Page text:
Just six weeks ago Jeremy Corbyn's leadership, and radical election manifesto, led to a historic surge in the Labour vote. In the immediate aftermath many of the right-wing Labour MPs who had attempted a coup against Corbyn only last summer were eating humble pie and falling over each other to profess their loyalty to him.
We warned then that it would be a serious mistake to believe that the Labour right would now be willing to unite behind Jeremy Corbyn's anti-austerity programme. The hostility to Jeremy Corbyn over the last two years has not been, as the right has claimed, because they thought he was 'unelectable' but rather that his programme, and the movement in support of it, represents a threat to the capitalist elite. This is the fundamental reason that the capitalist wing of the Labour Party, the Blairites, has been determined to oppose him.
A few 'ultra-Blairites', including Blair himself, have continued to openly attack Corbyn. The majority, however, are hoping to surround him and force him to step back from his anti-austerity programme. They are doing this most openly around the question of Brexit and the single market. First Chuka Umunna moved an amendment to the Queen's Speech guaranteeing membership of the single market.
The 51 Labour MPs and MEPs who supported this move signed a statement which described the single market as not being a simple free trade zone but "uniquely, a framework of rules that protects people from the worst excesses of globalisation and unfettered capitalism." This is nonsense. The EU single market was established as a result of an EU treaty signed by Maggie Thatcher; not known for protecting people from 'unfettered capitalism'! Ask the Greek working class if they feel they have been protected from its 'excesses' after suffering an unprecedented fall in living standards as a result of capitalist crisis and EU diktats.
The single market is neoliberal, pro-austerity and anti-worker. It is based on the so-called 'four freedoms' - the free movement of goods, services, capital and labour. Among its many anti-worker measures are the European Postal Services directive (used to justify the privatisation of Royal Mail), and the anti-union rulings by the ECJ in the notorious Viking and Laval cases, putting business 'rights of establishment' ahead of workers' right to strike.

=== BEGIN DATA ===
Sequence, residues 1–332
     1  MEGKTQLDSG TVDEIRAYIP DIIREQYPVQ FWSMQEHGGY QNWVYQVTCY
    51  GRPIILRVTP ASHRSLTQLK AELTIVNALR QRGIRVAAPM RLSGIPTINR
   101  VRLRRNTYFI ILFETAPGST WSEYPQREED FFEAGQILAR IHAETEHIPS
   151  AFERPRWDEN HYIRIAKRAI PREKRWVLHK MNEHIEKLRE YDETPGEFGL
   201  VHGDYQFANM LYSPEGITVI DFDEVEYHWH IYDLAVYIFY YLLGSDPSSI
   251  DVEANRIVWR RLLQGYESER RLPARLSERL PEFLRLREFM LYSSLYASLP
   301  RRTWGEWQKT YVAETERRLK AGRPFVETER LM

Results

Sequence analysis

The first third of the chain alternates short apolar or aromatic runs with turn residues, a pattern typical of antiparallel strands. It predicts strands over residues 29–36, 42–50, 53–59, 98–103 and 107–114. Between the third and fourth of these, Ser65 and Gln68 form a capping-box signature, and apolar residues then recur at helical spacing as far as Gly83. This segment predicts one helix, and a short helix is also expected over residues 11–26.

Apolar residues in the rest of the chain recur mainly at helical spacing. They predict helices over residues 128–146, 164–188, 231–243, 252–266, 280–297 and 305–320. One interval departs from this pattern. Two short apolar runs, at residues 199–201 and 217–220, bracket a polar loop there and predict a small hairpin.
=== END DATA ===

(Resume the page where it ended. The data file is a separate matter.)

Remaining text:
The overwhelming majority of big business in Britain is firmly in favour of remaining in the single market as the best means to maximise their profits. The cooperation on this issue of the Blairite wing of the Labour Party with such 'friends of the working class' as George Osborne tells you everything you need to know about whose interests they are acting in.
Jeremy Corbyn is correct to say that he does not support Britain remaining in the single market. In response to the hysterical opposition of Labour's right wing he should go on the political offensive by making clear that the starting point of his 'Brexit negotiation policy' would be to implement policies in the interests of the working and middle class. From a £10 an hour minimum wage and the abolition of zero-hour contracts, to public ownership of the banks and the major companies that dominate the British economy - annulling every EU law that was an obstacle to implementing them.
At the same time, as he has done, he should continue to make clear that a government he led would guarantee the rights of citizens from other EU countries living in Britain. An appeal made on this basis to workers' organisations across Europe would have an electrifying effect. It would be possible to use the Brexit talks to go on the offensive against the EU's neoliberal rules and to fight for a socialist Europe.
The lessons also need to be learnt, however, from these new attempts by the Labour right to undermine Jeremy Corbyn using the issue of Brexit. Labour remains two parties in one. A campaign needs to be immediately launched to transform the Labour Party into a genuinely anti-austerity, democratic party of workers and young people.
This requires the introduction of compulsory reselection contests for MPs. The next general election could be at any time and Labour must not face another election with the majority of its own candidates opposing Jeremy Corbyn. That means MPs should have to account for their records, via a democratic process, to Labour Party members in their local area.
This should be combined with the democratisation of the party, including restoring the rights of trade unions, and welcoming all genuine socialists in a democratic federation. These measures could create a party which was genuinely able to bring together all the young people, socialists, workers and community campaigners who are inspired by Jeremy Corbyn into a powerful mass force.
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